If the summer of 2016 had a smell, it would be hydrangeas. Hydrangeas, and moss, and whatever those green little weeds are that sprout out from under the dirt, whenever you walk loose-toed hiking trails. Because yes, we were hiking that summer. We were in Arkansas, and that was the only thing to do that didn’t involve stuffing ourselves with various meats. You were a vegetarian, anyway. So we hiked.
Your dad had all of the best sights to see, logged in the notes section of his old, cracked-up iPhone. They were all far. Home was just one nauseating car ride away, and we complained, and held our hands out in erroneous prayer. But the sun was shining like daggers down on us, and the caves were cool and wet, and that’s where we found the moss. And so you and I stuffed our gangly teenage selves into those slanted, claustrophobic caves. There was water dripping, somewhere. It felt like a sweat on your upper lip, but all over the body instead, a constant shiver. We pressed on. Your sister was so young that she could slide through the cracks in the rock and run ahead, without letting us know that she’d left. When I realized that we had lost her, my heart jumped into my throat like a frog. The cave started to squeeze a little bit tighter. I used my tiny purple flashlight and illuminated every orifice of the rock, and the faces of quite a few unsuspecting people. They grimaced, sneering at the tiny beam of my flashlight. And then your sister was sitting next to the waterfall drip, toes dangling in the pool as though she was vacationing in the Bahamas.
My shirt was soaked clean through. The cave was pitch black, so dark that you couldn’t even see your hands, couldn’t be sure that they existed. It felt like the hollow at the end of the universe. But if you closed your eyes, and stood against a wall, you could hear the roaring thrum of the water. It vibrated against the rocks, and into our fingertips. The air was tangy, and it smelled like sweat and dust and salt. We left; but this time, I kept my hands on your sister’s shoulders.
Your dad said that the last hike was to a hidden lake cove, and that it would be so short that we would laugh at him for calling it a hike. He lied. We walked uphill for two hours, and my shorts were soaked through as well, and when we finally stopped walking I collapsed in the hydrangeas. There was a sign there, saying not to step on the flowers. I didn’t. So technically, I told you, technically I never broke any rules.
The lake was gorgeous. Sparkling aquamarine in the midday sun, and so tranquil that a rock would bounce right off, up and into the atmosphere. Your sister dove in first, little water wings cutting off any circulation to her grubby hands. She said it was cold. But still, the water beckoned. And so you and I, we peeled off our disgusting sweaty clothes, because we had bikinis on underneath. Do you remember those swimsuits? We had gone to Wal-Mart, in the middle of Nowhere, Arkansas, and we got cute matching bikinis in pink and lemon colors. I was so happy. We looked like a couple of lollipops, floating on top of the cool lake water, and doing everything in our power to become one with the hot, summer day.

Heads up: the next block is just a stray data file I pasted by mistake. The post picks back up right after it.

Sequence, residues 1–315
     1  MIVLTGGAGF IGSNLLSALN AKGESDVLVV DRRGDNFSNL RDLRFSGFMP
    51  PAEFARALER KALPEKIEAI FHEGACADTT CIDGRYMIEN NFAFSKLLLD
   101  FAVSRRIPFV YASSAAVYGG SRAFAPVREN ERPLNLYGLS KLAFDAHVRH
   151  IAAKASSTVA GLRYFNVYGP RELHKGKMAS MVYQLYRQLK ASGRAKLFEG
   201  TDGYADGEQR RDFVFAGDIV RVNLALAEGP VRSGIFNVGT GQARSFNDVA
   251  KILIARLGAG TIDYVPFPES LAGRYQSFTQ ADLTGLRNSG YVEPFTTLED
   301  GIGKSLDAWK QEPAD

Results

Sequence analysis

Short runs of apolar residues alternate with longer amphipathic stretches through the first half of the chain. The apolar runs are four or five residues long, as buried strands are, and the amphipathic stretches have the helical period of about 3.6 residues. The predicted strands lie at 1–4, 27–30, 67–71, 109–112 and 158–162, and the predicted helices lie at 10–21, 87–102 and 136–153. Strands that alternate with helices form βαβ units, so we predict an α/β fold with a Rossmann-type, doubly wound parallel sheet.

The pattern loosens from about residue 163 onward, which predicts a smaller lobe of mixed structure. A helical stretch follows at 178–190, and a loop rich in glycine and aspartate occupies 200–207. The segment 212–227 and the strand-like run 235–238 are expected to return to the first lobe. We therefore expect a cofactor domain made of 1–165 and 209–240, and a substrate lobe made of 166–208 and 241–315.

Everything was so perfect, and beautiful, and I splashed water in your face and we laughed. And what now? You have carried yourself and your memories and your matching swimsuit, and you have taken them so far away that I can’t begin to search. I can’t even say that I miss you. It’s not right, not enough. Do the flowers miss the rain? No. They need each other, attached by some mortal coil that even God himself could not break, but you did. Painting faint blue watercolor all over my life, because now I am at the bottom of the lake, and I am alone. The flowers will wilt without the rain but you will be fine. My thoughts return to you like a frantic goldfish, swimming in circles over and over again, I can’t see where the bowl ends so I just keep spinning.
I fought for you tooth and nail, with scratches up and down my chest as you shoved me out of your life. Maybe you don’t need my best-friendship in college. Maybe home is just a footnote in your book, and so am I. You don’t want me anymore, and my heart snaps, every day. To have mouthwatering victories and bitter defeats, to know that you will never care. Never again, at least. I hope that back then, under the bright Arkansas sky, you loved me just a little bit.
We floated, with hair cast out around our heads like halos. Your sister giggled from the shore. And as our eyes met across the water, and the wind sung through the petals of the hydrangeas, I felt like I was home. Not the temporary, ramshackle kind, but a home that would forever last.